The devil is in the details. Ocean Spray’s support for a handler withholding has sent me to the internet and a re reading of the marketing order. Never thought that would happen!
As I understand the regulations, there are two ways to implement a volume regulation; a producer allotment and a handler with hold.
We as growers are probably most familiar with a Producer allotment, since that is the method we utilized the last two times. In that case, each grower receives a sales history and additional ramp up for newer acres, as calculated by the CMC. The CMC agrees what percentage of the US crop should be restricted from delivery. So if the set aside is say 15%, growers can deliver 85% of their sales history plus their ramp up. ( Remember, a growers sales history is sort of a “super average” since it represents their 4 best out of the past 6 years) In this case, the handlers would receive then their contracted growers allotment. Handlers are able to re-spread allotment, so virtually all the allocation is delivered. Not all handlers did this in 2000, which led to some angst. A producer allotment allows the CMC to identify how much fruit supply they want to bring in and cap the crop at that level. Excess production is disposed of by the grower. It is not binned, stored, transported.
A handler set aside is a bit different and I don’t see how it can cap a crop. In this case, prior to the harvest the CMC estimates the size of the crop, same as above. The CMC identifies the amount that is to be restricted. Growers deliver the fruit and handlers receive, clean, bin store and freeze the fruit. Then the restricted amount of fruit is destroyed. The grower sales history and ramp up don’t come into play…it is a straight across the board disposal. If there was say, a 10% set aside, all growers, big or small, would have 10% of “their fruit” destroyed. Each handler would dispose of the fruit they paid to receive, clean, bin and store. That cost would get passed along to the grower who would get paid for the crop he delivered, minus the destroyed %. While it seems fair, is it? Is it fair to growers who grow average crops and in the set aside year has a poor year? He still has 10% of his crop destroyed. Is if fair to the grower who has a record crop, up 30% to have only 10% of his crop destroyed? Furthermore, a handler set aside won’t cap the crop at a certain amount. It will however dispose of a certain percentage. A producer allotment allows a grower to bring in a certain amount and avoids extra costs.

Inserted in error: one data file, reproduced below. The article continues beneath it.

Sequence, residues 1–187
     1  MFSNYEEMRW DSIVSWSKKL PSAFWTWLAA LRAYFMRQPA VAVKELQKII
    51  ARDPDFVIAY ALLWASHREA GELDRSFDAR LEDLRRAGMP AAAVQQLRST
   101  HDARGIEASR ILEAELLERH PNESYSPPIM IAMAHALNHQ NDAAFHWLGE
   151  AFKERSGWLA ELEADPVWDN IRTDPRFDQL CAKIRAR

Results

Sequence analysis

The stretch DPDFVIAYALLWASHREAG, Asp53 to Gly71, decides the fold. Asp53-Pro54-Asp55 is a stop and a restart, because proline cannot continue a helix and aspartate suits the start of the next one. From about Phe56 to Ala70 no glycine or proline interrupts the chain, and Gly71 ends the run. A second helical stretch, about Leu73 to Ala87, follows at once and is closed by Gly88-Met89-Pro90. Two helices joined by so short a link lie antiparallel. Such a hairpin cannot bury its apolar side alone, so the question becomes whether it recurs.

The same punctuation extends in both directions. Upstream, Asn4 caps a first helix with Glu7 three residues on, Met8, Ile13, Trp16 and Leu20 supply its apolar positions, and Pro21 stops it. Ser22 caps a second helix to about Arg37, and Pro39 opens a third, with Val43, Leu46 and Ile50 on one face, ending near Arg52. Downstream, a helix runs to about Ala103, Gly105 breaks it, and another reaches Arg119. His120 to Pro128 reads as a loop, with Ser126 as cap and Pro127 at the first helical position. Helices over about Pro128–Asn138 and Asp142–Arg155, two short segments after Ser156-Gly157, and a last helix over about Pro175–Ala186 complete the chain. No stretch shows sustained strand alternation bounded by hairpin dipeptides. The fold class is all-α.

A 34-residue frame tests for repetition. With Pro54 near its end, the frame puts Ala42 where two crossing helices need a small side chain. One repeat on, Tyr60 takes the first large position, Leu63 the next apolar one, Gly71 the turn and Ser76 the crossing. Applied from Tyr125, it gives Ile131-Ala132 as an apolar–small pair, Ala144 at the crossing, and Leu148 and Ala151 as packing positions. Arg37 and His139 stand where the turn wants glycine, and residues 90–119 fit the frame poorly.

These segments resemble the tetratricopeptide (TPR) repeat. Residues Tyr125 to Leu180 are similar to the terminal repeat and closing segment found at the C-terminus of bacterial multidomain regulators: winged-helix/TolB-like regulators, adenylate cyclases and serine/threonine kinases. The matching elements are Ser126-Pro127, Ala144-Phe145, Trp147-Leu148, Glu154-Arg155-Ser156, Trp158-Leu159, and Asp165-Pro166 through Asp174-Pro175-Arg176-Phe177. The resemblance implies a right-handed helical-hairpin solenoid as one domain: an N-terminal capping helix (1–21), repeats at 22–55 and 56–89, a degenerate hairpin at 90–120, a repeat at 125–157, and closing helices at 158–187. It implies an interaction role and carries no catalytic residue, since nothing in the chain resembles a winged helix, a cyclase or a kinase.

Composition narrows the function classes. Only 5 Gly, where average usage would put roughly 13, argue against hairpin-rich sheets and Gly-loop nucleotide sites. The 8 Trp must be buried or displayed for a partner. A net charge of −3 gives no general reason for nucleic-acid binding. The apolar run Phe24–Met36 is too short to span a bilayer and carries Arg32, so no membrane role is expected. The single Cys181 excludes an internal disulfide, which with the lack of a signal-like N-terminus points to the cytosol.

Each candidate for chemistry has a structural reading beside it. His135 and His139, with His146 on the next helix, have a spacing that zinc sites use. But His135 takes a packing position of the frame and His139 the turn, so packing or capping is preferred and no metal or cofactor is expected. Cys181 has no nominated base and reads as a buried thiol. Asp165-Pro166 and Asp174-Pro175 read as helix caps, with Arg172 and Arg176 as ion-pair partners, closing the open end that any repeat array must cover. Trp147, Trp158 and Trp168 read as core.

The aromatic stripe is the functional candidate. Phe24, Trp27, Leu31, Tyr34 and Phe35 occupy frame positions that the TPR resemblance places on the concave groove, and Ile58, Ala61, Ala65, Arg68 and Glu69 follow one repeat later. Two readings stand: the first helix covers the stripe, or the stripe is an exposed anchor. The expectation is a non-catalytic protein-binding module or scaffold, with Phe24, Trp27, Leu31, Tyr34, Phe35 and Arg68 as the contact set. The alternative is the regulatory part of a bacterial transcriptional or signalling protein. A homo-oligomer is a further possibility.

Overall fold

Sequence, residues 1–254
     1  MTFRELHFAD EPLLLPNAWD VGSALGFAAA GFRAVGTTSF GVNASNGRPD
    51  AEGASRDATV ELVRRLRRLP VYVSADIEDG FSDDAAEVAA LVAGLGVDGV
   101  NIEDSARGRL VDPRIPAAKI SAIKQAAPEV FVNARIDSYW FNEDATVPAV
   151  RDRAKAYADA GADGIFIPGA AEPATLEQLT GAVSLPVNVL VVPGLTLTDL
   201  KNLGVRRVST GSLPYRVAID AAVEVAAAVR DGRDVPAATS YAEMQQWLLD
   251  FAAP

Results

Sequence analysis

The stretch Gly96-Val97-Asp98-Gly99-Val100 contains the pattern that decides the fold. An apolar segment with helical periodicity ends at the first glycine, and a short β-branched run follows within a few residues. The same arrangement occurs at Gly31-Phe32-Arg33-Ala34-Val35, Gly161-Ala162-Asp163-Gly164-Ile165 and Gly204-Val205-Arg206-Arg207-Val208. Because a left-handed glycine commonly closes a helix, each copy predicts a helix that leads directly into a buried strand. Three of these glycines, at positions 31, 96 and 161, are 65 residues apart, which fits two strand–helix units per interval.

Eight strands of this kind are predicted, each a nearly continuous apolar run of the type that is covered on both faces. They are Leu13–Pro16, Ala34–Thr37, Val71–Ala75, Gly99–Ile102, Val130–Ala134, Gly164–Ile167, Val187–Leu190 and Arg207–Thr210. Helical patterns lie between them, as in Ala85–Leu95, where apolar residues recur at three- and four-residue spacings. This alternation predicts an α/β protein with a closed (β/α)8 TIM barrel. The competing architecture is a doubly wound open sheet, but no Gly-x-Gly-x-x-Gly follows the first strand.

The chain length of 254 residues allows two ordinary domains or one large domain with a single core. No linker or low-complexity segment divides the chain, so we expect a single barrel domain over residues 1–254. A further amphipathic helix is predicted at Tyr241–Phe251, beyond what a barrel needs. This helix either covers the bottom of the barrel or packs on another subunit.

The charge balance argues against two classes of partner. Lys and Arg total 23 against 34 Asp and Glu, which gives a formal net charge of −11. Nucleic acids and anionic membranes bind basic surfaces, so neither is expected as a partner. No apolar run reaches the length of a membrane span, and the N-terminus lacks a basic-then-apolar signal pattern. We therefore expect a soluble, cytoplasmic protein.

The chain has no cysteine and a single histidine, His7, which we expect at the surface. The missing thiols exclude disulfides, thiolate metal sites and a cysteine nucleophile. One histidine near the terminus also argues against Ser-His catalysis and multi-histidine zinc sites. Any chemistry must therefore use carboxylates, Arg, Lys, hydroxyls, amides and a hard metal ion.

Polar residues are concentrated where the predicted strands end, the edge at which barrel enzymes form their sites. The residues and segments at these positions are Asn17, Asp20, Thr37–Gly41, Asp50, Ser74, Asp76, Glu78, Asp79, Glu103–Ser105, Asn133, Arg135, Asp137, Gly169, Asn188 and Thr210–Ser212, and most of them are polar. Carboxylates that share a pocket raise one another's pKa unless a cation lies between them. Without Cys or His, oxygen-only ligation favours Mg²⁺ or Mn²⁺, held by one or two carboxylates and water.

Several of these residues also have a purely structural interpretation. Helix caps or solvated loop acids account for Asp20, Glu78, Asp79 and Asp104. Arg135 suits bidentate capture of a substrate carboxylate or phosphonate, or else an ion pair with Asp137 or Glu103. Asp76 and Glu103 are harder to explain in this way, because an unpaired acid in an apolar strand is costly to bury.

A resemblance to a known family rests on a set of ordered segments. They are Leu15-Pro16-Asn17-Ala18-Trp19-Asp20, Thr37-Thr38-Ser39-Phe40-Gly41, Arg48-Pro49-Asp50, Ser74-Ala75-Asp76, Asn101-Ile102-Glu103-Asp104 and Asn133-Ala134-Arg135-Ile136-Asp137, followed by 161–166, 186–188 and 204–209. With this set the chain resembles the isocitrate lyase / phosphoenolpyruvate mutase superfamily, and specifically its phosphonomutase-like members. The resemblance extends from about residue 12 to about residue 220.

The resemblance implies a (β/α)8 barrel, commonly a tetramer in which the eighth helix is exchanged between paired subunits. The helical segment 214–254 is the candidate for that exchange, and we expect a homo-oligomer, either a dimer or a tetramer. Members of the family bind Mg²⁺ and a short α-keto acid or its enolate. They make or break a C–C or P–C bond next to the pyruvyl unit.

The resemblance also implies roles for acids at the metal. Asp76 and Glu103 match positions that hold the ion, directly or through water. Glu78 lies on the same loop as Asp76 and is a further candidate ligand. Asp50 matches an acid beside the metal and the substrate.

As usual, I might have this wrong since I am not a CMC member. I am thankful that Ocean Spray has put out some of their thoughts prior to the CMC meeting and I am hopeful that this is the start of a dialog, not the end.